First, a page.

The Open University is paying tribute to one of its leading scientific academics Professor Colin Pillinger, who has died at the age of 70.
The Emeritus Professor, who was married to wife Judith and two children, Shusanah and Nicholas, worked for the OU for 35 years in Planetary and Space Sciences and was head of Physical Sciences until 2005.
Already well-known in global planetary circles Professor Pillinger became a household name when he built a probe to search for Martian life – the Beagle 2 spacecraft. This was just one highlight of a lifetime dedicated to planetary research.
Awarded a CBE in 2003, Professor Pillinger also had the auspicious accolade of having an asteroid named after him the following year.
He was highly respected by the global planetary science community and was a frequent commentator on space activity.
Former colleagues described him as “enthusiastic, inspirational and never-failing in his drive to promote planetary sciences and the science that would come from missions to the Moon and Mars”.
Professor in Planetary Sciences Monica Grady, who worked with him for 35 years said: “He was my PhD supervisor, and one of the most influential figures in my life, both academically and as a friend.
“We collaborated on a great variety of projects, and were talking about new things to work on when I saw him last week. I will miss him, as I’m sure that many others will as well.”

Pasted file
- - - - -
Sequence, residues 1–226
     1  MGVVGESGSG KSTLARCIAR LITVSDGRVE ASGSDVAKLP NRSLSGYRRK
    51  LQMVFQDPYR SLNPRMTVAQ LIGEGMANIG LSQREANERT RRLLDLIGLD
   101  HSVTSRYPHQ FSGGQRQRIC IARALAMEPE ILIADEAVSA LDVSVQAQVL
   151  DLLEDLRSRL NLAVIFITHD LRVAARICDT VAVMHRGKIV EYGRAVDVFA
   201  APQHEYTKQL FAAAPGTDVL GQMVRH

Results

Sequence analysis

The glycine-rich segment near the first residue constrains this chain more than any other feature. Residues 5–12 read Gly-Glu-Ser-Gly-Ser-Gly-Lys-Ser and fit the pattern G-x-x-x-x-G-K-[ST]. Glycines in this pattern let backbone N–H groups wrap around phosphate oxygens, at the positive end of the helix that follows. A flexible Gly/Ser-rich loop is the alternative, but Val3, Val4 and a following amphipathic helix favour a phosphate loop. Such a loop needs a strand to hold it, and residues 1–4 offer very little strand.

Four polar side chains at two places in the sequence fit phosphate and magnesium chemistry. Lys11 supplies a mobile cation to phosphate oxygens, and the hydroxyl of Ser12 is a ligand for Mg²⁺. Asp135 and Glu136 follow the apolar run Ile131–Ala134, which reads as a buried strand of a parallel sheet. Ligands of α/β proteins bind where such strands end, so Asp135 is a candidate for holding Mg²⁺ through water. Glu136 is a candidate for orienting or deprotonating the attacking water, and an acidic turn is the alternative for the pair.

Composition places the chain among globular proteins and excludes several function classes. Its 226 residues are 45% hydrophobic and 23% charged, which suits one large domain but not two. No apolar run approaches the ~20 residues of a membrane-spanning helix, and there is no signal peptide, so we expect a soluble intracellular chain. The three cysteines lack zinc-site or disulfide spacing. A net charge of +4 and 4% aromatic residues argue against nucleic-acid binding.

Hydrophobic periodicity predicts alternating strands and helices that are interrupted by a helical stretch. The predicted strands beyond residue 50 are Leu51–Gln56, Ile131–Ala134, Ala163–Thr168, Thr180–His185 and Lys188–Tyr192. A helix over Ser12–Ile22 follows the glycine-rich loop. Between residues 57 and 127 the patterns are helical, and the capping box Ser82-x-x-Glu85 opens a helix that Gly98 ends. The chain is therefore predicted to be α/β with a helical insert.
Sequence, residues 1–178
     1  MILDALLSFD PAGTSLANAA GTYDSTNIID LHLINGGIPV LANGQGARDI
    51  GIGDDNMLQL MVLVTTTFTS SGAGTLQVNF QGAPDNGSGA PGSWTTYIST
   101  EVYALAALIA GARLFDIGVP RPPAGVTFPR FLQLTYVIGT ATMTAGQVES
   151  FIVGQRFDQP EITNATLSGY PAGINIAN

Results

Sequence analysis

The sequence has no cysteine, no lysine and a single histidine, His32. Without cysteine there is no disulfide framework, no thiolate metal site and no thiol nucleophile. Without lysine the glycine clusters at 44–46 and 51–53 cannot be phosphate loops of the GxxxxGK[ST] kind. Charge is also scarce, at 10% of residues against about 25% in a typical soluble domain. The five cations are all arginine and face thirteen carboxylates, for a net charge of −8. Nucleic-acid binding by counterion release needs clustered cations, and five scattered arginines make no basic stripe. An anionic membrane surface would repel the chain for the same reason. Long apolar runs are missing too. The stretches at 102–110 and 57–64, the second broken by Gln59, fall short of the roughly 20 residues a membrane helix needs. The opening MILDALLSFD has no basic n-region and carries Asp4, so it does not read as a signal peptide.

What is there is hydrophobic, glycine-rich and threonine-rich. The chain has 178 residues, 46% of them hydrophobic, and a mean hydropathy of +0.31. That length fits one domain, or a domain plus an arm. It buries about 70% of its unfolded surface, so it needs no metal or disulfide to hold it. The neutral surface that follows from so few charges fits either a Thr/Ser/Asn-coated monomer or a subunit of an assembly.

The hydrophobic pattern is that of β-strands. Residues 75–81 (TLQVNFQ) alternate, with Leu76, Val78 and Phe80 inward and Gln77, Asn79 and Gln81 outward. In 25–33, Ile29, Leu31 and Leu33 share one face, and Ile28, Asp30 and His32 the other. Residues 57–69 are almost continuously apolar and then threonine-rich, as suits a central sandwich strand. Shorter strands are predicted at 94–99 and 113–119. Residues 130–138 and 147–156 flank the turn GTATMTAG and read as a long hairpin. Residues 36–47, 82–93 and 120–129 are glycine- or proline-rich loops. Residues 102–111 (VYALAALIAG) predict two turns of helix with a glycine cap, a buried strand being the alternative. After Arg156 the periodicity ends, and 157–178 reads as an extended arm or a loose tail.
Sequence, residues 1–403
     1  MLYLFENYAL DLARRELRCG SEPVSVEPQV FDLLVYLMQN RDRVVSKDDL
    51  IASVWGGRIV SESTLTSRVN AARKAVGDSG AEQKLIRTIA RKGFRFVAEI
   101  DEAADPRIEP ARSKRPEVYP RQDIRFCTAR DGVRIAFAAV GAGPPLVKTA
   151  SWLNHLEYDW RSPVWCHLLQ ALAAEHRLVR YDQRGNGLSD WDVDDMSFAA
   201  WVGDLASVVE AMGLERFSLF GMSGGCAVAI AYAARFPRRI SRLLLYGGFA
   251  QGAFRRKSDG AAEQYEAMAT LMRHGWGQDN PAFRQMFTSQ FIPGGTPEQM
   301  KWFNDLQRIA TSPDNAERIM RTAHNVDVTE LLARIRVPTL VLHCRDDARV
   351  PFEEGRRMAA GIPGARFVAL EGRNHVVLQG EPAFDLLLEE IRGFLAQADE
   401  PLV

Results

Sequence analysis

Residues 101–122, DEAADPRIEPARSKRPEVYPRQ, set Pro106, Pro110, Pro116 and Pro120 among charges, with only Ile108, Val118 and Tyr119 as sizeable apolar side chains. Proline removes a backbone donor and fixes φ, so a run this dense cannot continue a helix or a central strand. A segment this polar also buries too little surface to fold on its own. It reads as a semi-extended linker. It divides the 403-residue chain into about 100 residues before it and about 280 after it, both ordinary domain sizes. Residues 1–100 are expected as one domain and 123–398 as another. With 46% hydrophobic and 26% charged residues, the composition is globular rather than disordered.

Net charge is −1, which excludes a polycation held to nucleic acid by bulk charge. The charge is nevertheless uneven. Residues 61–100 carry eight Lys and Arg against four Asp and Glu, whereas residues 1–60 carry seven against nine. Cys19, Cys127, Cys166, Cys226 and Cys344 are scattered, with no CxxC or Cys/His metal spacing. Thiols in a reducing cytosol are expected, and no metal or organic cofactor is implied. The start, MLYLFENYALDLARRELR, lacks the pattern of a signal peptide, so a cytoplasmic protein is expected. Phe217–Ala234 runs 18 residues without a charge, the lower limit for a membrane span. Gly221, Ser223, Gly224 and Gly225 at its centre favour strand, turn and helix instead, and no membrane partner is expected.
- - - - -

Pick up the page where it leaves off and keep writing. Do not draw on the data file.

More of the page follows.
Martin Bean, Vice-Chancellor, The Open University, said: “Professor Pillinger was not only an inspiration to us here at the OU, but to people across the world with his infectious enthusiasm for science and discovery.
“His expertise continues to inform current space and scientific research – such as the work by the OU on Europe’s Rosetta comet landing craft.
“I have no doubt that Colin’s legacy will be to inspire and stimulate study in this field for many decades to come. The Open University is immensely proud of our association with such a much-valued and much-loved scientist.”
Professor Pillinger was elected to Fellowship of the Royal Society in 1993 for the major contributions he has made to geochemistry and cosmochemistry.
Since his early work on the Apollo lunar samples, he had been a specialist in the occurrence and isotopic composition of carbon, nitrogen and hydrogen in extra-terrestrial materials.
This has led him to the investigation of the possibilities of life beyond Earth, and particularly the search for life on Mars.
The probe Beagle 2, named after Charles Darwin’s HMS Beagle, was carried piggyback to the Red Planet on a European satellite, but contact was lost after it was deposited for landing in December 2003.
The Beagle 2 mission however succeeded in turning Professor Pillinger into an international star overnight and his expertise and charismatic West Country charm was in continual demand by media who saw him as the commentator of choice for numerous space and scientific discoveries.